I’ve been thinking recently about the Christian tradition of Pentecost that will be celebrated on June 12th. In Christianity, fire is often associated with Pentecost, symbolizing the coming of the Holy Spirit. Fire is an appropriate symbol for this time of year.
At Pentecost, after a long time of hiding in the Upper Room, the disciples finally get out of their funk. The disciples have been afraid that they will be victims as Jesus had; afraid that they will suffer a similar fate as Jesus did. At the time of Pentecost, the disciples receive a spirit of audacity, determination, and courage, to move into the world in spite of the persecution they knew would be theirs.
Their actions prove that such courage is not without risk, for some disciples and apostles were killed for their outspoken witness of the good news. And surely the disciples remembered Jesus’ words to them,
“Blessed are those who are persecuted for righteousness’ sake, for theirs is the kingdom of heaven. Blessed are you when people revile you and persecute you and utter all kinds of evil against you falsely on my account. Rejoice and be glad, for your reward is great in heaven, for in the same way they persecuted the prophets who were before you.” (Matthew 5: 10-11)
The early disciples were so filled with passion, courage, and enthusiasm, we might say today that they “had a fire in their belly.” Saints and mystics in every age, and in every religion, have been filled with a similar fire for God, and for the good news of a life lived in partnership with God. Saint Catherine of Siena said that, “If you are what you should be, you will set the world on fire.”
My friend and colleague Alex Kern, in his collected anthology of poems and spiritual writings from rising generations, relates the source of the title of his book, “Becoming Fire.” Says Kern:
“This book takes its title from an ancient story of two men who fled to the desert to seek the face of God. The story is but one of many enigmatic teachings from the desert fathers (abbas) and mothers (ammas), those fourth-century ascetics who left the cities of the Roman empire to pray in the deserts of Egypt- only to find God waiting in the wilderness of the heart. As the tradition recounts, one day Abba Lot went to see Abba Joseph and said “Abba, as far as I can, I say my little office, I fast a little, I pray and meditate, I live in peace, and as far as I can, I purify my thoughts. What else can I do?” In response the old man stood and stretched his hands towards heaven. His fingers became like ten lamps of fire, and he replied, ‘Why not become fire?’ “ (from Becoming Fire, edited by Alexander Levering Kern)
What would it mean for Christians to ‘become fire’ today? To be so filled with the Holy Spirit that we have a passion for spreading love, compassion, and service? To feel so experientially that we are one with the Spirit that our lives begin to embody that spirit in our every thought, word, and deed, as Jesus’ life did?
I think we’ve lost some of the power of fire in Christianity today. As opposed to the passion of fire, many see Christianity today as a very lukewarm religion. I say this is not as a judgment, but as an observation of my own experience (which is limited, and certainly not universal.) Though in some places the fire is alive and well, many people do not find passion in the churches they visit. They may see passion in the Jesus they hear and read about, in the stories of saints and sages in years past, and in the lives of the early disciples, but they don’t find such passion today.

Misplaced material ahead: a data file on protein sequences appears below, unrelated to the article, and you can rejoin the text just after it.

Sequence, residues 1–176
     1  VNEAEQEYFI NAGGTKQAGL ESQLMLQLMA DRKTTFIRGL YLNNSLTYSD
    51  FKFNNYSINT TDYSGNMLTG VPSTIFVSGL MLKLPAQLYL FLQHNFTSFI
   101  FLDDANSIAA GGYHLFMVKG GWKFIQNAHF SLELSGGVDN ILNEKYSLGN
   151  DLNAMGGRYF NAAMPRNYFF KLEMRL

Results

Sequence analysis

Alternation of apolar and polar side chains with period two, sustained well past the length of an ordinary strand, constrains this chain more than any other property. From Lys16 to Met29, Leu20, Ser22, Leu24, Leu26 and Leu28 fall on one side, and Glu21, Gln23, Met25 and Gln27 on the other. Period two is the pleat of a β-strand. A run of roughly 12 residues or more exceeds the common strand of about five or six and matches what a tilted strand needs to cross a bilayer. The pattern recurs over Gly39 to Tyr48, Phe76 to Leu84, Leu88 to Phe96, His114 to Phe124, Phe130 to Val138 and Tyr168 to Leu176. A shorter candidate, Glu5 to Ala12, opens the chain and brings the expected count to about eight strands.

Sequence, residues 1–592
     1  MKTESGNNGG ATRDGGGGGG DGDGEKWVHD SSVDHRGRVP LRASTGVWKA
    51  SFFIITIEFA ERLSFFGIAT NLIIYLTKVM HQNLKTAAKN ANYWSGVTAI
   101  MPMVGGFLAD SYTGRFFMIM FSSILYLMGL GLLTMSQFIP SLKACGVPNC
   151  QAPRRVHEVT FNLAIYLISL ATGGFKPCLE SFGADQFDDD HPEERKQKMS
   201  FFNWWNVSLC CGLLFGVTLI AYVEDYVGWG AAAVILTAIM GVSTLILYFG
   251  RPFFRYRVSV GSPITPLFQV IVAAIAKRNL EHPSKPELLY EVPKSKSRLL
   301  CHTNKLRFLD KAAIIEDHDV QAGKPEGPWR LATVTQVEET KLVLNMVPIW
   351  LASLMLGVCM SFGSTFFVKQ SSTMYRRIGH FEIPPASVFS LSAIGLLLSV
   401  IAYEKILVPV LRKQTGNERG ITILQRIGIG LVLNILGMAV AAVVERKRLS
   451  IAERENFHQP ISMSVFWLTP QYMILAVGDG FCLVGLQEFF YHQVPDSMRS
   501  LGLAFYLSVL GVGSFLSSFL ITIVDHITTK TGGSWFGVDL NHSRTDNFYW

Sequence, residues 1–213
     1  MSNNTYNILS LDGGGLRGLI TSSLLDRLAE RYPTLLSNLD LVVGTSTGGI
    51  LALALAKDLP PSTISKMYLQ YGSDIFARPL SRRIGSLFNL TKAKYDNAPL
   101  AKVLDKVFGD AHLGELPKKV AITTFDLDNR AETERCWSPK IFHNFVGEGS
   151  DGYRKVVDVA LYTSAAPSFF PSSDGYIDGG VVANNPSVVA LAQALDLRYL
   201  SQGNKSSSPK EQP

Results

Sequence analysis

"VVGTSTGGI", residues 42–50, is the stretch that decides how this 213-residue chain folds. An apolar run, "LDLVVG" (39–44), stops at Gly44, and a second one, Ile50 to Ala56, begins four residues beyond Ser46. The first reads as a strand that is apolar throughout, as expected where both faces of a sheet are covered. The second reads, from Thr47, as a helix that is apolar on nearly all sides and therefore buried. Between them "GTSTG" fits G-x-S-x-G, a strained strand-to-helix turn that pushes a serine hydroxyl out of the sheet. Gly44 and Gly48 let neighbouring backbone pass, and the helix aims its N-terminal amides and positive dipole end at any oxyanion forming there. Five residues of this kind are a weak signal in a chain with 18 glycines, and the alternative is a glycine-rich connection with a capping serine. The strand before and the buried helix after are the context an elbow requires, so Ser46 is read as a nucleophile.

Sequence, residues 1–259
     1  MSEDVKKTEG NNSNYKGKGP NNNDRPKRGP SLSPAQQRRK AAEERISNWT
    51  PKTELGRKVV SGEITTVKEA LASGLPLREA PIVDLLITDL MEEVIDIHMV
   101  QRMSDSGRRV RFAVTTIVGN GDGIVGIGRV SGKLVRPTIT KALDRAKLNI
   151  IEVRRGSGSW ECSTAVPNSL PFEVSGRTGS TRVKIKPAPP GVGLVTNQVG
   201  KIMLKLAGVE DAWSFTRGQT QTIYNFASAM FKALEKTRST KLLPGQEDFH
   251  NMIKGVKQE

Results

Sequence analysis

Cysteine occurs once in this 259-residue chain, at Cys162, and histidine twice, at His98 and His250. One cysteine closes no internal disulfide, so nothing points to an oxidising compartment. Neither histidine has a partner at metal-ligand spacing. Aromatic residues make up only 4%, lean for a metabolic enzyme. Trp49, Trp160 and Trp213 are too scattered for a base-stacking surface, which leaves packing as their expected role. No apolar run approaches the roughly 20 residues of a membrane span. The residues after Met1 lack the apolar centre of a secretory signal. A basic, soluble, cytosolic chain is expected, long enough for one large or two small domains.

I know part of the Christian hesitancy to not be passionate has a firm grounding as well. In today’s world, passionate Christianity is associated with a Christianity that is judgmental, condemning, proselytizing (people of other faiths), and converting (anyone who doesn’t fit into the same beliefs as theirs). People see such Christian passion, and quite rightly say, “I don’t want anything to do with that passion.”
And yet, in throwing out passion for fear that our passion will contain hints of judgment, superiority, or the like, we have lost the wisdom of fire. For if our faith is not rooted in the passion and enthusiasm of the spirit, then what are we doing?
When Jesus told us to love God, he didn’t just leave it there. He said, “love God with all of your mind, all of your soul, all of your heart, and all of your strength.” This is love with our whole selves. It is the same love that Jesus had. It is the love that Jesus’ disciples saw in him, that was so contagious that they could not help leaving everything and following him. That love was so infectious that prostitutes, sinners, and tax collectors gave up their lesser passions to live out a new passion- a passion for God, and a passion for helping and serving others.
If people saw that same passion in our churches today, then we would see less people leaving the church, and more people excited to be part of a church community. If people saw fire in the followers of Jesus today, then many churches would be called “thriving” rather than dying.
Even where two or three are gathered, if the spirit is present- that spirit of fire, and power, and passion, and love- then amazing things will happen. Unexpected things.
Why not become fire today? Why not be what you should be? You will set the world on fire.
In the blessings of the spirit in this upcoming Pentecost season.
Rev. Matt Carriker
Author of the upcoming book “Giving Christianity Back to Jesus”: http://www.backtojesusnow.com
P.S. If you are interested in purchasing Alex’s “Becoming Fire” book, proceeds go to scholarships for low-income participants for the IFYI (Interfaith Youth Initiative) program Alex and I coordinate together. Contact firstname.lastname@example.org to purchase the anthology, or visit http://www.coopmet.org/IFYI.html to learn more about IFYI (or to nominate a young person to participate in our July 10-17, 2011 program in Mass.)